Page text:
Sunday marked 4 years since running headfirst into the pinkwashed brick wall called breast cancer. It was a solemn day. I had PMS and swirling emotions. But the sun was out and I had fresh pineapple and cheap champagne to take to the pontoon.
See, since that day 4 years ago, my life has been wildly rearranged, reduced in some ways, expanded in others, and partially rebuilt. The lens I now see through makes nearly everything unrecognizable from what it was before. Remembering back to 2016, there was a quote on Pinterest that resonated:
You won’t always feel like this.
I didn’t believe it. Obviously it was written by someone who hadn’t been handed this flaming pile. And I was right. For almost 4 years.
Finally, with help, I began to see my story as one that didn’t ended at the climax or obstacle, without resolution. It was no longer a boring storyline of “this shitty, unresolvable thing happened.” The end.
I wanted to push past the obstacle to find the transformation that comes at the end of the story and beyond. There are lessons learned and irreversible changes. There’s even wisdom I daresay.
I had to do this or my story would have ended at the shitty part. I would have packed up any joy, self respect, and fortitude and tossed it into a landfill. I would have medicated myself into numbness to match the disbelief that It, cancer, had happened at all. I would have remained in the terrible middle of the story forever.
That’s not who I am. Good grief, this story needs an ending.
But first, we have to start at the beginning again.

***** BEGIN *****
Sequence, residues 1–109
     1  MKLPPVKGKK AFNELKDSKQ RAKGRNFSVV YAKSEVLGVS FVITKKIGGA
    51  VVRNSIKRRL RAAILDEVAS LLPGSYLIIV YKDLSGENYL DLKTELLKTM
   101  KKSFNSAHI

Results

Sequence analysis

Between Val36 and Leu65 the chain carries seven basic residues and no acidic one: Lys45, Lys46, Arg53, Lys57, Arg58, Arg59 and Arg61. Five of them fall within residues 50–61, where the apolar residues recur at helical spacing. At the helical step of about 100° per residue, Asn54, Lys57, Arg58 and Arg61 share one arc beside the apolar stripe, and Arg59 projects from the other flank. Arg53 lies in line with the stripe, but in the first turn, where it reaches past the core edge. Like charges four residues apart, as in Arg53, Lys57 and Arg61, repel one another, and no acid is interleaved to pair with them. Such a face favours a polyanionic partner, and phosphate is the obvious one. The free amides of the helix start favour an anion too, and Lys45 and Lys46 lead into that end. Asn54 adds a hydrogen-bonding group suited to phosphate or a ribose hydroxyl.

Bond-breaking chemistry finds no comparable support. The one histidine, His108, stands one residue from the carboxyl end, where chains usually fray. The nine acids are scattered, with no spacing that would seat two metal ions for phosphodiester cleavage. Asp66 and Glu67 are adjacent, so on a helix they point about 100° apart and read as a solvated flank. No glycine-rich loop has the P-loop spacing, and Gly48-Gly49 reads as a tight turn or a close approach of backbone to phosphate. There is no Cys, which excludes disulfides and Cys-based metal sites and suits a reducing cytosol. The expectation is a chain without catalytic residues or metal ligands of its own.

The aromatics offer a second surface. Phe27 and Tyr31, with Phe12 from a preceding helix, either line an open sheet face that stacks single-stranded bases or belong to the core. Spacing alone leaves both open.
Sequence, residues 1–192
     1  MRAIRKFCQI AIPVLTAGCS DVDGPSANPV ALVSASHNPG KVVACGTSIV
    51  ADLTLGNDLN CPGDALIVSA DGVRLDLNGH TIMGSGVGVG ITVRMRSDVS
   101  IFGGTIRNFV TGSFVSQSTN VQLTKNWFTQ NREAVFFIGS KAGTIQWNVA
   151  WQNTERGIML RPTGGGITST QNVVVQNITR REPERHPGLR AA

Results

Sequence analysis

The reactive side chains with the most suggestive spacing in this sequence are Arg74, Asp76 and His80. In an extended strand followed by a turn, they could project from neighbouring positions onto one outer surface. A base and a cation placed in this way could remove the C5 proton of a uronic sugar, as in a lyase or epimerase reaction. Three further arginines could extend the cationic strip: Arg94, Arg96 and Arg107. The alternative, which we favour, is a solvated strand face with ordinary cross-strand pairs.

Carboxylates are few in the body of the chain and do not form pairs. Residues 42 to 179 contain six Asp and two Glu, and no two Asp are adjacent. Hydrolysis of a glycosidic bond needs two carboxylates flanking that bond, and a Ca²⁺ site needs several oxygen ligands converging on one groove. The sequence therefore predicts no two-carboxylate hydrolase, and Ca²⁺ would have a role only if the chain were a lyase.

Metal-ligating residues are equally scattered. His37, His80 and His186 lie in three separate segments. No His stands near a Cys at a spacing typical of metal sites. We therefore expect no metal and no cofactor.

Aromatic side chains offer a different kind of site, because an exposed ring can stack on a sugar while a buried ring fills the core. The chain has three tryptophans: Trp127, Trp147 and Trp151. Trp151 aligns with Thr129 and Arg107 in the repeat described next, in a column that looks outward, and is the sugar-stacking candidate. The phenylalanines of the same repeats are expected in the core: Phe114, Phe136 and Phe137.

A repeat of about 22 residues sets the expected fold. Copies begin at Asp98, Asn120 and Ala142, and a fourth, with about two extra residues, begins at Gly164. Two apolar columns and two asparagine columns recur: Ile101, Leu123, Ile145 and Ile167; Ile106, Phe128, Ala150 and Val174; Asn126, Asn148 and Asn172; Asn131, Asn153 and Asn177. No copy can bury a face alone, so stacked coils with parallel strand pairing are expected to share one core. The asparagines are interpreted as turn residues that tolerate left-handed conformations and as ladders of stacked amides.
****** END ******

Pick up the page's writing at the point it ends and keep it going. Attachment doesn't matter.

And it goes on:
Lying on my back, tits out, a few rogue tears snuck past and ran down pooling in my ears. The radiologist used the fluffy robe I was wearing to wipe them away. It was a familiar motion to her, a little too familiar if I’m honest. I don’t know you. I won’t ever know you.
Buzz. Pop. Buzz.
I’m trembling. I’m afraid I’ll botch the whole procedure. This had to be some sort of terrible mistake, a glitch in the universe. Clearly, Mercury in Retrograde was fucking with me again. Friday the 13th is tomorrow. The entire calendar for all of human history must be off by a day.
The sounds are not the soft, organic sounds of bodies. The sounds are edible, but gross edible, gritty like a piece of shell in your oyster.
Buzz. Burrrf. Snap.
Just one more. We reposition. I hold my breath and wonder how long it will take for me to stop hearing the clicks and clacks of the machine currently spearing my breasts with banderillas. Core biopsy. Fine needle. Even the words sound like it should hurt but it doesn’t. What in the living shit is that noise though?
Finally, the Great Breast Bullfight concludes with the expected winners and losers.
It simply couldn’t be.
It could and it was.